In the end, the necessary level of frequency depends on the nature of the deployment and the phenomena monitored. The example is given of a business whose customers place orders twice a month, and updating in the meantime is largely pointless (as it presents an analysis of data set that may have wide variances from the norm that are due to its incompleteness).
Data Quality's Chicken and Egg
Where "messy" data exists, companies are faced with a choice: to fix the data problems as a prerequisite to a BI initiative, or to implement BI on top of imperfect data.
It would seem to be a no-brainer: since the value of BI depends on the value of data, the results will be misleading if it is implemented onto unclean data. This can be a death knell for BI systems, as the amount of work necessary to clean the data is considerable, and no value will be delivered until the task is done. It may be possible to implement BI as a method of discovery (you may not be aware of data problems until the system is attempted), and having "bad" BI tools may provide the justification to obtain resources to clean the data.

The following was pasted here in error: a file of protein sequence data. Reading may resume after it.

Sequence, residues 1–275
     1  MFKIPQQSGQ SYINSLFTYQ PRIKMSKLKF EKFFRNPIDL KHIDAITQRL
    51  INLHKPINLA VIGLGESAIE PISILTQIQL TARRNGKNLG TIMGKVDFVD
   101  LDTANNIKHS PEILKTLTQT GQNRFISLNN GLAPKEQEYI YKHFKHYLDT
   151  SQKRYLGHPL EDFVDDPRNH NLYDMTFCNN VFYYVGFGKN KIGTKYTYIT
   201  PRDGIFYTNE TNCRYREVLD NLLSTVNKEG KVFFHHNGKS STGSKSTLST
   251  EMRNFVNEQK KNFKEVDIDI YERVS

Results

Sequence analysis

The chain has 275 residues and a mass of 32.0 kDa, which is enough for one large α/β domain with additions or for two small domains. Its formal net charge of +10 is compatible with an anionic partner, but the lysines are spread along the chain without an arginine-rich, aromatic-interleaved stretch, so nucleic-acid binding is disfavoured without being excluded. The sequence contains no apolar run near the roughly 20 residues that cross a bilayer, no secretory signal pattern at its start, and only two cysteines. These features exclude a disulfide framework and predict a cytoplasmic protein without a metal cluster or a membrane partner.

It's also asserted that one should not take an all-or-nothing approach, but implement and socialize the tools that can be provided, utilizing the data that is reliable, to exploit some of the value of BI, and delay other initiatives until the data is clean. In effect, this will give the organization a taste for BI, and a sense of what is possible, as an incentive to undertake the effort to obtain further functionality.